During the Tang Dynasty and in 618, the name again was changed to Chang’an. In the 13th and 14th centuries, when the Mongolian Yuan dynasty was ruling, the name was changed several times: Fengyuan, Anxi (meaning Peaceful West), and Jingzhao.
Xi’an is in the south-central part of Shaanxi province and sits on the Guanzhong Plain. Guanzhong Plain is on a flood plain which was created by eight rivers and streams surrounding it. Its average elevation is 400 meters (1,312 ft) above sea level, and its annual precipitation is 553 mm (21.8 in). The Wei River, which has been a significant impact on Chinese civilization, provides drinking water for Xi’an.
To the south, Xi’an has borders with northern parts of Qinling (Qin Mountains), and to the north, it has borders with the banks of the Wei River. One hundred kilometers (62 miles) to the east of here you can find one of the five sacred Taoist mountains, Hua Shan. Loess Plateau is also not far to the north of the city.
Emperor Liu Bang of the Han dynasty was advised by his Prime Minister Zhang Liang to select Guanzhong as his capital. He mentioned that the Guanzhong Plain is very rich for farming and has fertile soil, and it belongs to the nation of heaven. Since that time, Guanzhong earned the nickname, “Nation of the Heaven.”
Xi’an enjoys a temperate climate and is situated on the borderline between a semi-arid climate and humid subtropical climate. The city is characterized by hot and humid summers, cold and dry winters, and dry springs and falls. The annual precipitation usually occurs from July to late October. It occasionally snows in winter, but it seldom settles for long. During March and April, the city gets warmer and experiences dust storms. Summer months are also featured with frequent and short thunderstorms. In general, the city enjoys a delightful climate within the year, excluding winter. The best time to enjoy the beauties of Xi’an is from March to May in spring and September-October in the fall.
Xi’an is a sub-provincial city, and it has direct jurisdiction over 11 districts and two counties.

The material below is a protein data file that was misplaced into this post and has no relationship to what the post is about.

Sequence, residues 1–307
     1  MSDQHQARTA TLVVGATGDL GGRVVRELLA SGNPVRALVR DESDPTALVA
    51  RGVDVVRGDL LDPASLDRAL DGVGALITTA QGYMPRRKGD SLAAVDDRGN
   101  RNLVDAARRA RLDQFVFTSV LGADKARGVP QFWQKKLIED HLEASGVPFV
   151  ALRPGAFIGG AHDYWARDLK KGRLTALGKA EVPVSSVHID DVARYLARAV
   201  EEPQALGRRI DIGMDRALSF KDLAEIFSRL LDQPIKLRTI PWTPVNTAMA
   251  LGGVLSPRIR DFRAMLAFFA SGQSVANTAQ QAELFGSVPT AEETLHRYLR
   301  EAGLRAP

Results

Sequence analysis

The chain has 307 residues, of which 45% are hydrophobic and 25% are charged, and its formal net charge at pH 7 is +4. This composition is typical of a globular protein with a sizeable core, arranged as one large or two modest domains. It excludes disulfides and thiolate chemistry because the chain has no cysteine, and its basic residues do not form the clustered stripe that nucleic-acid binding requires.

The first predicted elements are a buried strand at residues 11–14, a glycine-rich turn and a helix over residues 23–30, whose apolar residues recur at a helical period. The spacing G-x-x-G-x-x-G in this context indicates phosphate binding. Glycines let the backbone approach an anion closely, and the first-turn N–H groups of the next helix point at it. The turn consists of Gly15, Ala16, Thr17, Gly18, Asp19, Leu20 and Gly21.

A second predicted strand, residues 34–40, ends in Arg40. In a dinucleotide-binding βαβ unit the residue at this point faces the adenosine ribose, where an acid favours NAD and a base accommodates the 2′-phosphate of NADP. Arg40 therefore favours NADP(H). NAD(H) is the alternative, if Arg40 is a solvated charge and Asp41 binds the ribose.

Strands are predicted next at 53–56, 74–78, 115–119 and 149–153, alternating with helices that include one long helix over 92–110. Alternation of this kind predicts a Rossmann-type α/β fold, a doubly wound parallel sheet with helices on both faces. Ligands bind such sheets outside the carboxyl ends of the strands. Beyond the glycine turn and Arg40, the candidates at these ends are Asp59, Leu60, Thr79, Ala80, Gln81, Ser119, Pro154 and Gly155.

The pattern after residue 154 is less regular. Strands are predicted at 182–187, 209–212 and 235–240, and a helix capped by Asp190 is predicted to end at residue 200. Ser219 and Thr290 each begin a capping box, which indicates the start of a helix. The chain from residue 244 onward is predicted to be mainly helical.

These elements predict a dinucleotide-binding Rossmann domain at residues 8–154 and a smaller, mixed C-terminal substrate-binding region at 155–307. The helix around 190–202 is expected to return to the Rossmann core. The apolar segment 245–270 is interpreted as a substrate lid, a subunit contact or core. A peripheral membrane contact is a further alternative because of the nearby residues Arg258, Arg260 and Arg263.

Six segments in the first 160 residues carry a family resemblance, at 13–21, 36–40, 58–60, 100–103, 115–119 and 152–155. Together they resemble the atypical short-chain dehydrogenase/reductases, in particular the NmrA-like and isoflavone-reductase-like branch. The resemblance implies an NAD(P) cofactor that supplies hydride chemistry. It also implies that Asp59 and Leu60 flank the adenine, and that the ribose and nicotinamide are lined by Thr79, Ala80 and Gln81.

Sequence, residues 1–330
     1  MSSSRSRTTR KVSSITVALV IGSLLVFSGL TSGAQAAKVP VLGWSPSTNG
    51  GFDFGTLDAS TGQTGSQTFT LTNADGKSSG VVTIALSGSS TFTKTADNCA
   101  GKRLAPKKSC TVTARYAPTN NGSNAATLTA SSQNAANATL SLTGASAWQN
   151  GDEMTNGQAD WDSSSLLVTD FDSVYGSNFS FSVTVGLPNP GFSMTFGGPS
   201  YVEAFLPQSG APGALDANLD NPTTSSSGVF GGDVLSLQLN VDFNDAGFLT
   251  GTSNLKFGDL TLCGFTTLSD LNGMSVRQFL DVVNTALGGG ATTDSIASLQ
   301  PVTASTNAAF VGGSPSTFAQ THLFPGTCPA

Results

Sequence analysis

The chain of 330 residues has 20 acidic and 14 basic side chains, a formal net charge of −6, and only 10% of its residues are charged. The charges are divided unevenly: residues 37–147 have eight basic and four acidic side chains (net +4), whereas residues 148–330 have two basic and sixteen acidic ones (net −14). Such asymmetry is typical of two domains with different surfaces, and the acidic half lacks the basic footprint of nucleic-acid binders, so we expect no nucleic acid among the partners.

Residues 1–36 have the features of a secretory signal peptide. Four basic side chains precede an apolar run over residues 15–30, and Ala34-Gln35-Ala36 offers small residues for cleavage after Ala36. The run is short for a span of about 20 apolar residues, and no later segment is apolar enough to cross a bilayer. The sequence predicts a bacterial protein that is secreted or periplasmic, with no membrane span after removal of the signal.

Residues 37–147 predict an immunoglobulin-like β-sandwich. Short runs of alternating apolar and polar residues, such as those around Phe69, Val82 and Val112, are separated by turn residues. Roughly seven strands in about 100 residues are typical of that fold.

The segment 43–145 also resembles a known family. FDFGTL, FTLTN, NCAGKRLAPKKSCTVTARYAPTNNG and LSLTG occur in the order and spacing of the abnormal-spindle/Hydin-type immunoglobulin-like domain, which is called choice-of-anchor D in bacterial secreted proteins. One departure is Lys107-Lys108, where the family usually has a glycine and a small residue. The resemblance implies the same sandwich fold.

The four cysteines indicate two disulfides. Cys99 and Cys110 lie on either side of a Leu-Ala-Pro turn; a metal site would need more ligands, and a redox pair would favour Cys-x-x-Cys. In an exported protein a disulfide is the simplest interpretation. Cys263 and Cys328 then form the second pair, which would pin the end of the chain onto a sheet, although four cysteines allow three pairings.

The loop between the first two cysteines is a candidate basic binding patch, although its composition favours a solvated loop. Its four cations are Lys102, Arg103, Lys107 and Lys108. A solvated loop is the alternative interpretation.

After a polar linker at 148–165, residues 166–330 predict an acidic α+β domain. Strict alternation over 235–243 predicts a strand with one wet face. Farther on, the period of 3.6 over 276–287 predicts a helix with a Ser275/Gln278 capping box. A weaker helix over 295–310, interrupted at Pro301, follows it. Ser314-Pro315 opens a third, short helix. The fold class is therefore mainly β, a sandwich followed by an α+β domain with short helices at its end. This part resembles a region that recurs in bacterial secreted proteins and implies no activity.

Xi’an population has experienced an increase of 675,000 persons from 7.41 million individuals in 2000 to 8.7 million people in 2015. 51.66% of this population is male and 48.4% female. The city is known as one of the most populated cities in northwest China consisting of 9 districts. According to the China Economic Information Unit reports, Xi’an has been announced as of the thirteen Chinese metropolitans. Among its districts, the largest population belongs to Yanta with 1.08 million inhabitants. 99.1 percent of Xi’an total population is Han Chinese. About 81,500 individuals are religious and ethnic minorities. During World War II, many refugees from other regions of China have migrated to Xi’an as a far safe inland.
Like most cities in China, the most practiced religions in Xi’an are the Chinese traditional religion and Taoism. There are a lot of major and minor temples for the followers of these religions and among them are a City God Temple and a Confucius Temple.
There are many Tibetan schools and temples of the Chinese in Xi’an. In general, Buddhism has an enormous presence in Xi’an.
In 635 a Syriac speaker named Alopen was the first Christian missionary who arrived in Xi’an via the Silk Road. There is a stele called the Xi’an Stele (aka The Nestorian Stele) which is now in Xi’an’s Beilin Museum. This piece of history which was erected in 781 during the Tang Dynasty proves that there were people following Alopen and Christianity. This limestone block is 279 centimeters (110 inches) and has texts in both Chinese and Syriac and is a proof for the existence of Christians in multiple cities of northern China
There also have been some disputes over the Daqin Pagoda which is a Buddhist pagoda in Zhouzhi County. Some believe that it has initially been a Nestorian Christian church built in the Tang Dynasty era.
There have also been Baptist missions from England in Xi’an. These Baptist missionaries also ran a hospital, and in 1892, two of them founded the Sianfu Mission.